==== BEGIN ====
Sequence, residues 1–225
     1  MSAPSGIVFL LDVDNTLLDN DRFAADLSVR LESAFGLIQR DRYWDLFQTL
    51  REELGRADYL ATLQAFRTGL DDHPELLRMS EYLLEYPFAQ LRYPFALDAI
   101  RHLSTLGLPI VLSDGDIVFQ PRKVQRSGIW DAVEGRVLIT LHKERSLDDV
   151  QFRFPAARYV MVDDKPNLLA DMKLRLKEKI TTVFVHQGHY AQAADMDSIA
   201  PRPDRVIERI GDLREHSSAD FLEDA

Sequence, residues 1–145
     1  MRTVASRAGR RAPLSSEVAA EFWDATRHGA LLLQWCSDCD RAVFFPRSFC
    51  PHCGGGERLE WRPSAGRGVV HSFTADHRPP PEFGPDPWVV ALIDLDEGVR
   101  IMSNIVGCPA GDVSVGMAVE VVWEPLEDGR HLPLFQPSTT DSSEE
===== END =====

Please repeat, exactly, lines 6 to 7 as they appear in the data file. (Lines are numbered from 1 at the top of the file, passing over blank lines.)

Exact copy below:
   201  PRPDRVIERI GDLREHSSAD FLEDA

Sequence, residues 1–145